Chronic obstructive pulmonary disease (COPD) is associated with right heart failure and salt and water retention. The possible roles of haemodynamically active hormones in the early stages of COPD have not previously been described. Adrenaline, noradrenaline, renin activity, aldosterone, vasopressin, cortisol, growth hormone, prolactin and atrial natriuretic peptide (ANP) were measured during right heart catheterization in mixed venous blood and in a peripheral artery, in the supine and standing position, in two groups of patients with COPD: Group A with arterial oxygen tension (Pa,O2) <8.0 kPa (60 mmHg) and Group B with Pa,O2 > 8.0 kPa (60 mmHg). A group of 15 control subjects was studied to obtain control hormonal measurements with a venous blood sample only. Haemodynamic and blood gas values and hormone levels were measured in the supine and standing positions to record changes in the various parameters in COPD patients, and the relationship between pulmonary haemodynamics and hormone levels. No differences were found in hormonal samples between peripheral artery and mixed venous blood. In comparison with the control group, both groups of COPD patients showed a significant reduction in cortisol (p <0.0001) and in vasopressin (p <0.005), and an increase in ANP (p <0.05) and growth hormone (p <0.05). A marked, but not significant, increase in renin activity, and aldosterone was also found. After standing the increment of adrenaline was significantly higher in COPD patients (p <0.02). A significant inverse relationship was recorded between forced expiratory volume in one second (FEV1) and noradrenaline (p <0.02). There is a complex hormonal response even in the early phase of chronic obstructive pulmonary disease. An increase of plasma levels of atrial natriuretic peptide appears to be the earliest neuroendocrine response in these patients.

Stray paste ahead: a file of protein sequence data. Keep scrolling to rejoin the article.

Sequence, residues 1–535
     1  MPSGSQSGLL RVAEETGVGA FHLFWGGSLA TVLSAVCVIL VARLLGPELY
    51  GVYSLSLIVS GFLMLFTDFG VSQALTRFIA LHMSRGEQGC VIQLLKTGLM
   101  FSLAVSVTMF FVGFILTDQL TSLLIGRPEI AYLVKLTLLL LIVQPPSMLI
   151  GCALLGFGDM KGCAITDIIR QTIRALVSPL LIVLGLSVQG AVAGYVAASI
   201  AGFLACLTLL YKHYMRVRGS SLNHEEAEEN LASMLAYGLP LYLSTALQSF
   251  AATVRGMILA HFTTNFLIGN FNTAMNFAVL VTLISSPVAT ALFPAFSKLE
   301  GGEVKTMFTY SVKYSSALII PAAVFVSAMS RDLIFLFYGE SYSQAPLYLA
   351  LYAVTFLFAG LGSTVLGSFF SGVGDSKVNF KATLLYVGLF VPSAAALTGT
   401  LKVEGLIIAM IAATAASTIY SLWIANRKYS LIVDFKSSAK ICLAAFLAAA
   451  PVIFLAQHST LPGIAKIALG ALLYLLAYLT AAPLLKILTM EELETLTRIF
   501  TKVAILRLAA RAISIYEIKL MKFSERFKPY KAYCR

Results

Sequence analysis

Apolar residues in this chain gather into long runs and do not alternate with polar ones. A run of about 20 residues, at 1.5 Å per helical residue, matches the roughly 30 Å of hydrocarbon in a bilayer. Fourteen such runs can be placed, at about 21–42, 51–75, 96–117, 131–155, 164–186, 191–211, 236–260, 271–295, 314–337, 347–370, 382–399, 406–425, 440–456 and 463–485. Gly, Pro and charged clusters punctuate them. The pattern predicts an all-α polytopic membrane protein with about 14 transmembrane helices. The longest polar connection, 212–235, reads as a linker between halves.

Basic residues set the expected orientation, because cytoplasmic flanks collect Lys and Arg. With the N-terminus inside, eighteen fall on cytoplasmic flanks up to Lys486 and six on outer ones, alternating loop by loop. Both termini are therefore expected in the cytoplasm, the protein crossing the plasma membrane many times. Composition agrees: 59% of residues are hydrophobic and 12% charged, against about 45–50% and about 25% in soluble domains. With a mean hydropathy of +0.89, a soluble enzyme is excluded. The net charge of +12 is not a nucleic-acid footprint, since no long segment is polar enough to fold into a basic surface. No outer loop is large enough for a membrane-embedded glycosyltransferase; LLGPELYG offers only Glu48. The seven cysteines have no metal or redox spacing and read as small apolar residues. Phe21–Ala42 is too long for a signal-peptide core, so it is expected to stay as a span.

|Number of pages||7|
|Journal||Monaldi Archives for Chest Disease - Cardiac Series|
|Publication status||Published - 1996|
- Chronic obstructive pulmonary disease
ASJC Scopus subject areas
- Pulmonary and Respiratory Medicine
- Cardiology and Cardiovascular Medicine